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Are you getting a divorce because of domestic violence?

When it comes to domestic violence, the abuser and the victim can become ensnared in a continual cycle of abuse and asking forgiveness. Psychologically, the victim might be in love with — or dependent on — the other side of his or her abuser who they know to be a kind and vulnerable person. This is one of the reasons why it can be so difficult to break the cycle. Relationships with domestic violence might also continue because the victim is afraid of what might happen if he or she finally stands up for the right to be free of abuse in his or her home.

A quick review of Nevada domestic violence laws, however, can empower victims to stand up for themselves against their abusers once and for all. Domestic violence laws apply to ex-spouses, current spouses, blood relatives, current and former romantic partners, people who share a child and other circumstances. The law considers domestic violence to have occurred when one of the following is committed by one of the above:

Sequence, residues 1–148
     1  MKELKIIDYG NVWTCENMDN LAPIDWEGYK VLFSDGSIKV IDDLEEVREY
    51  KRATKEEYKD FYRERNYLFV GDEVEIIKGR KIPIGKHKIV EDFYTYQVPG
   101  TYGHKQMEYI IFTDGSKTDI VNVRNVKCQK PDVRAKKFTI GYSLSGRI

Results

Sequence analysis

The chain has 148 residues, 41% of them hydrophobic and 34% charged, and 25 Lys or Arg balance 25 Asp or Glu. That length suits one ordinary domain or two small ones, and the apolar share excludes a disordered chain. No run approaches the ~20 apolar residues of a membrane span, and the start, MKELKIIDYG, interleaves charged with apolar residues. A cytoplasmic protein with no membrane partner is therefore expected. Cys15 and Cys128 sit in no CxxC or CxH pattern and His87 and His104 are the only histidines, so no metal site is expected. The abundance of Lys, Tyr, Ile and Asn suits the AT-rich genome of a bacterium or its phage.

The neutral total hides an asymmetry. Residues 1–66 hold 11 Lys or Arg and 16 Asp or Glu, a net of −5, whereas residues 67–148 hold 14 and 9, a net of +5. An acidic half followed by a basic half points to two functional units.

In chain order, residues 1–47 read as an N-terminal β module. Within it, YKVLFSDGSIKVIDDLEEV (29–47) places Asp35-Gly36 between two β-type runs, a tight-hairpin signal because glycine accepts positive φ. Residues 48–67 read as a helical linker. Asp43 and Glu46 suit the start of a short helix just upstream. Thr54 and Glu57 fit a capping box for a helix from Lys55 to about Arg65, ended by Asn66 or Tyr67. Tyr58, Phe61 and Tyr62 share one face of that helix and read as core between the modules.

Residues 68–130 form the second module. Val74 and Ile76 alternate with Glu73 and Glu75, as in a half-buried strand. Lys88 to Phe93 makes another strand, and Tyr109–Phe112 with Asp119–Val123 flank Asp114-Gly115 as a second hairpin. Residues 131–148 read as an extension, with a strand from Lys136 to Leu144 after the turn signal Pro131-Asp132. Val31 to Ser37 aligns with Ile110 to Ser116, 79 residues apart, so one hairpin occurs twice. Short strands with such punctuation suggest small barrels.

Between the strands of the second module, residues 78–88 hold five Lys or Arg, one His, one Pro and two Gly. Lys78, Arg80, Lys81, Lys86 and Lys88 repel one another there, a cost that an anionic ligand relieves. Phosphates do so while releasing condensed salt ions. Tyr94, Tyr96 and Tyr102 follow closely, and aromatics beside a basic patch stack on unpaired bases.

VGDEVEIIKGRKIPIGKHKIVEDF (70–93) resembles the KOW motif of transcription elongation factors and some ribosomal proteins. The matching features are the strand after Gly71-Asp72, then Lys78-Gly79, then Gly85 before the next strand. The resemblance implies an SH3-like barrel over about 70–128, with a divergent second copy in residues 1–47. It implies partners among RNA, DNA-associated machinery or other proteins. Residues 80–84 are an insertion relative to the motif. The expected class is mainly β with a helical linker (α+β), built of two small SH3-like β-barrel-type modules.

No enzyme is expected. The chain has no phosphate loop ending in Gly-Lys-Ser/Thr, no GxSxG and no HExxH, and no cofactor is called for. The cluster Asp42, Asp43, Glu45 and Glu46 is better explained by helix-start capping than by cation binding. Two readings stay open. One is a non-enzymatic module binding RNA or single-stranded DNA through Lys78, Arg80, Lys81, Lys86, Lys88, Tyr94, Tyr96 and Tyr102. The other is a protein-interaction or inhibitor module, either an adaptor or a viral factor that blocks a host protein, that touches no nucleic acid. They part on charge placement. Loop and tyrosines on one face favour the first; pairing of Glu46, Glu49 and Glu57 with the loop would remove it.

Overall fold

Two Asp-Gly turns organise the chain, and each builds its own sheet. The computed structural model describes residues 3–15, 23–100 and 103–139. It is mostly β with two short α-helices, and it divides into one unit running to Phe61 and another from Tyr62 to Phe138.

— Assault

— Sexual assault

— Battery

— Forcing someone to do something he or she doesn’t have to do by threat of violence or intimidation

— Harassing someone through reckless conduct like stalking, trespassing, destroying property, hurting or killing an animal, arson or more

— False imprisonment — in other words, holding someone unlawfully

— Unlawfully or forcibly entering the victim’s home

Nevada residents who are being victimized by domestic violence in their marriages have every right to ask for a divorce. They may also want to call the police for protection against a domestic abuser. A Nevada divorce lawyer can help you take action and learn about legal strategies to employ that will free you from your abuser safely, quickly and legally once and for all.

By submitting this form I acknowledge that form submissions via this website do not create an attorney-client relationship, and any information I send is not protected by attorney-client privilege.

The information on this website is for general information purposes only. Nothing on this site should be taken as legal advice for any individual case or situation. This information is not intended to create, and receipt or viewing does not constitute, an attorney-client relationship.

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